Lionel Aeschlimann : Art Banker

Lionel Aeschlimann : Art Banker

Mirabaud is one of the largest and one of the oldest private banks from a historical financial centre, Geneva. Through the years it has grown internationally with subsidiaries in close to fifteen cities such as Paris, Madrid, London and Dubai. Lionel Aeschlimann, a business lawyer by profession, has been one of its managing partners since 2011. A love for all things beautiful is part of what makes the corporation unique and which allows him to invest in small and-medium-sized businesses that specialize in luxury.  More specifically, Mirabaud is engaged in sponsorship activity both for helping others and for building its own art collection.

Guillaume de Sardes : How is art incorporated into your bank’s activities?

Lionel Aeschlimann : The bank was created in 1819 and the founders were protestants. Not even the name of the bank was engraved on its façade, there was only a single nameplate next to the entrance door of the building! Nevertheless, a whole tradition of discreet philanthropy then followed. Over time, attitudes evolved. Pierre Mirabaud, a managing partner of the bank, along with a few other people, founded the Museum of Modern and Contemporary Art (MAMCO) in Geneva. Today we are simultaneously involved in building a corporate collection. Supporting the arts is quite important to us because it is an area that appeals to our clients. Above all art is indispensable because it plays a role in opening up a window on the world. It shakes up our convictions which is valuable for those of us who work in finance and who need to anticipate changes in the market without necessarily accepting popular ideas. Artists are like the seismographers of what’s going on in the present day.

GS: How did you go about building Mirabaud Bank’s collection?

LA : We built in keeping with our support to artists in the sense that we do not simply focus on up and coming talent. We are just as interested young creators. This was a collective decision involving the four managing partners of the bank. We receive counsel from Bärtschi & Co., a gallery in Geneva, which guides us and advises us on market concerns, then we discuss the matter amongst ourselves. Whatever decisions we make are entirely our own.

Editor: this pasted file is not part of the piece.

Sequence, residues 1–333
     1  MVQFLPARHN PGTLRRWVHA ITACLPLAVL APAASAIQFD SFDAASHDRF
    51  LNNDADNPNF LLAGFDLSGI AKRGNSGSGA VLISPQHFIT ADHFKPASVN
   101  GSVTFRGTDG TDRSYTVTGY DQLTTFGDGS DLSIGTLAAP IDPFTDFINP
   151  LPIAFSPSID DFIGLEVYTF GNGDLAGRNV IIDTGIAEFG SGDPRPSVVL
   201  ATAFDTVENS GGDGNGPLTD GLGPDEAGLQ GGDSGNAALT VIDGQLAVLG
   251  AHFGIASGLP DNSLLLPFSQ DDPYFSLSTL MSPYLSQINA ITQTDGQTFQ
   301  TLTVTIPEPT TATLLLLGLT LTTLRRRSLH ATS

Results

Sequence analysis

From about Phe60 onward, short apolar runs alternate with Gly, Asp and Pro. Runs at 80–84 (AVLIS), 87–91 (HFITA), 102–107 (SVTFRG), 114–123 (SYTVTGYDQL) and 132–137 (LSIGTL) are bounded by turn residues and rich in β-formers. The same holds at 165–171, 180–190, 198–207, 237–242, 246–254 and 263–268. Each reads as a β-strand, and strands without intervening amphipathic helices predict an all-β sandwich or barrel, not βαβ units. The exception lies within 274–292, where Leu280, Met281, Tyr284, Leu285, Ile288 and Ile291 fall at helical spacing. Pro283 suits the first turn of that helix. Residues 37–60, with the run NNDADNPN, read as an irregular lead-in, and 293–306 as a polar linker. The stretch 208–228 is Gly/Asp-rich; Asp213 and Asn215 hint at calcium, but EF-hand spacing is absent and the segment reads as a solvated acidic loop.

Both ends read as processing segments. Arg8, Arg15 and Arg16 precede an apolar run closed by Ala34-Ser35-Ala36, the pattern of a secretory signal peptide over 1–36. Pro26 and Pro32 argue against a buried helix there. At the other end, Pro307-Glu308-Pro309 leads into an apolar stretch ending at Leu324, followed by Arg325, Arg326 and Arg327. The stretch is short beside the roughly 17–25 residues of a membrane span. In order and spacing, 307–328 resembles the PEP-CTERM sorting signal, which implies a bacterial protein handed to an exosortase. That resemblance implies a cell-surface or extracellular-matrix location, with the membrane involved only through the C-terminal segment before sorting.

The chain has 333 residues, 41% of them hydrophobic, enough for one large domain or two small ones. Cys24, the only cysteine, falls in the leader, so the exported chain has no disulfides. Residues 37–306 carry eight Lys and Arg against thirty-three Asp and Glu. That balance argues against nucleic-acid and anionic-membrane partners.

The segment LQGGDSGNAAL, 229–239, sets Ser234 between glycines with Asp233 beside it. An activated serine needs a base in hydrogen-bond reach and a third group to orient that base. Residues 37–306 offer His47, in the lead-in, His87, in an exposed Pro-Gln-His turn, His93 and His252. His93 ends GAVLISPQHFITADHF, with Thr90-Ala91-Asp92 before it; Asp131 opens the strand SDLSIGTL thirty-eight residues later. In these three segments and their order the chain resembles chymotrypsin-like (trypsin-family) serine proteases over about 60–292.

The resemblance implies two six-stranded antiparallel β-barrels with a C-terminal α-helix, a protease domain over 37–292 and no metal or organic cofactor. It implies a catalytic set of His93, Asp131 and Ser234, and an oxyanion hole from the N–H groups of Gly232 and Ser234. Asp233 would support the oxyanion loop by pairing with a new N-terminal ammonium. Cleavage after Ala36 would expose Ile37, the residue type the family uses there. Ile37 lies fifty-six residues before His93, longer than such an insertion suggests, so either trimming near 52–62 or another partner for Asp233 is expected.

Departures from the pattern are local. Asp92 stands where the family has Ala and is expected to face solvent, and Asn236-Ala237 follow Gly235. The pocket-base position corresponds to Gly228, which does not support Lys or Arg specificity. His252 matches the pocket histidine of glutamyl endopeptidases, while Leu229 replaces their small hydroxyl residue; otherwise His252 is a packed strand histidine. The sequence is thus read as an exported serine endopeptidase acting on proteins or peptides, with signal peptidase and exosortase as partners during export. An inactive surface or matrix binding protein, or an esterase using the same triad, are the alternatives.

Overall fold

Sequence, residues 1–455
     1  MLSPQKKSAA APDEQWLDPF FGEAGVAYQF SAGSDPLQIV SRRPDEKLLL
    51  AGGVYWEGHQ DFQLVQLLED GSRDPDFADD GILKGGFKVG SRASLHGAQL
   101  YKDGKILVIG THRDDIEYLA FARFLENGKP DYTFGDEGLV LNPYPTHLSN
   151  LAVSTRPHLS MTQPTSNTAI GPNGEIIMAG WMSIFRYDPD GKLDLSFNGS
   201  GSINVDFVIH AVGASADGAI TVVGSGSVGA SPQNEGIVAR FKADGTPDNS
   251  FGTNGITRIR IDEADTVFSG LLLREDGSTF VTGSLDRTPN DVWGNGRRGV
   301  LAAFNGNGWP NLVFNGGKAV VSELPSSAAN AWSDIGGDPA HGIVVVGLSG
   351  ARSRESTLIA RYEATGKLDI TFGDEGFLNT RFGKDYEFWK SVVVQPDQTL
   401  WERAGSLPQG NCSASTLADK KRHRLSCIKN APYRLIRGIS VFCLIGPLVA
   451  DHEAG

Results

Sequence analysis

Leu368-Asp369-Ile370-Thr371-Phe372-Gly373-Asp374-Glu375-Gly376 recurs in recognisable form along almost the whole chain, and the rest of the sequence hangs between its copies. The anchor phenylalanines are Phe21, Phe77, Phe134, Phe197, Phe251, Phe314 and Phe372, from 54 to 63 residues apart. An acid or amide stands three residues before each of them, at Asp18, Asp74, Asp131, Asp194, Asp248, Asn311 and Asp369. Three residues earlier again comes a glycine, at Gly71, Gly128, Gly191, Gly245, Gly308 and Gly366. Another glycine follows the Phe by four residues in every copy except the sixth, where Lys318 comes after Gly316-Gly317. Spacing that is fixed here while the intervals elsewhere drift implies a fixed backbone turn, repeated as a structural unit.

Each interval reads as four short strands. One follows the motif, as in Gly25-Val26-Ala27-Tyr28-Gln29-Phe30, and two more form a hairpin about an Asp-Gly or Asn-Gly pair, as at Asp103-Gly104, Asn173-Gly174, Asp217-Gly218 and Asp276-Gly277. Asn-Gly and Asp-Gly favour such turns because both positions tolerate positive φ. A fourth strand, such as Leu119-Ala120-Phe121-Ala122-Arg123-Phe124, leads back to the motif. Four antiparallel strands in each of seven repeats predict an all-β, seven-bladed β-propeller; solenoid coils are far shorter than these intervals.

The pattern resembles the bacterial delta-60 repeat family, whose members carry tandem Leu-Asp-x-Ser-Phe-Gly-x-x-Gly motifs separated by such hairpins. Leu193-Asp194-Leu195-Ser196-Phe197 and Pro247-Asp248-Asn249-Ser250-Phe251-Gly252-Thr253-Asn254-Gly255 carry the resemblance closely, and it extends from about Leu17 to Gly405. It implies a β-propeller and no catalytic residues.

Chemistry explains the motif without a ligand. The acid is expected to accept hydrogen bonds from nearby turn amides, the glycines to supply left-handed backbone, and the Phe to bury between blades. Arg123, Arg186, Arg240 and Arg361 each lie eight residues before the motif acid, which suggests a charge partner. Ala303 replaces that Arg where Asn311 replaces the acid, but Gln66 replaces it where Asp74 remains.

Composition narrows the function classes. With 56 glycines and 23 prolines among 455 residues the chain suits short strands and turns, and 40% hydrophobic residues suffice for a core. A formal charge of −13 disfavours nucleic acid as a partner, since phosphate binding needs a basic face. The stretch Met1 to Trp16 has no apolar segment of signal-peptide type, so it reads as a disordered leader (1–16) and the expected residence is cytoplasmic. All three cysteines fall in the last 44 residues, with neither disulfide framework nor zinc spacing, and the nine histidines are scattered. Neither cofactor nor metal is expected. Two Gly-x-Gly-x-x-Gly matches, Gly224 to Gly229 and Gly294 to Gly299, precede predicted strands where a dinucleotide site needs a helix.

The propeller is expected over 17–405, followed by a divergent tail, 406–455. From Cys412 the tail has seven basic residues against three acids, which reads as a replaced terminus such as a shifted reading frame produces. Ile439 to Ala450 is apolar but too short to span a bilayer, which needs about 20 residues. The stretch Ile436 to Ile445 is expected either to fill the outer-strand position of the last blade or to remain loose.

BECHER Grube Anna Alsdorf Aachen


GS : How do you highlight this collection?

LA : We do that by displaying it in our offices. For example, we often feature three or four pieces by an artist in each reception area and we also loan out pieces. We have published a catalogue that we offer to those of our clients who are interested in art, as well as to other professionals. We want the collection to remain pertinent. To do that it needs to be shown and discussed, after all, art is a free space.

GS : Does the bank’s involvement also include working with museums?

LA : Yes, we still support MAMCO which has been managed– and quite well—by Christian Bernard for many years. In particular we provide assistance to the museum with their acquisitions. Its new director, Lionel Bovier, who brings an exciting energy to the gallery, suggested a new and appealing idea to us that we support: during Art Genève MAMCO rents a booth that starts off empty for the opening of the exhibition. Gradually, day by day, the booth gets filled with acquisitions made from participating galleries!

GS : Does your bank offer services specifically for collectors?

LA : Not internally, but we are able to put them in contact with two galleries who can potentially act as counsel for them.

GS : We hear a lot of talk about Brexit but we forget that Switzerland maintains a somewhat stormy relationship with the European Union, especially when it comes to renewing banking passports. Does that have any influence on your activities?

LA : For reasons related to our national identity (Switzerland was built around myths about neutrality and direct democracy), our country has opted not to join the European Union.  But in fact, we are a passive member of the EU, of which we incorporate 95% of its directives into our laws. Switzerland has also accepted the free flow of people, capital and merchandise. It’s only in the area of services where there does not exist any global agreement and so that creates the need for periodic renegotiation of bank passports. But our economies are so connected (Switzerland is Europe’s third largest economic partner) that I don’t worry about the future of our relationship.

Nan Goldin “Lou in blue”


GS : Are you a collector yourself?

LA : Yes, I really must admit that I am since I no longer have any empty space on my walls! (laughs) It allows me to be more daring than I am with the Mirabaud collection. Since they’re personal purchases, my choices can be even more radical.

GS : What can you tell us about galleries in Geneva? Which ones do you visit most often?

LA : Galleries in Geneva seem to me to be very well run. I like a few of them, in particular the Bärtschi & Company gallery which I’ve already mentioned and through which I was able to meet Nan Goldin and Wim Delvoye, the Skopia, Xippas, Ribordy and Laurence Bernard galleries, as well as the Analix Forever gallery managed by Barbara Polla. That’s where I was able to acquire a piece by Mounir Fatmi, an artist that I really admire.

Mounir Fatmi, “Casablanca”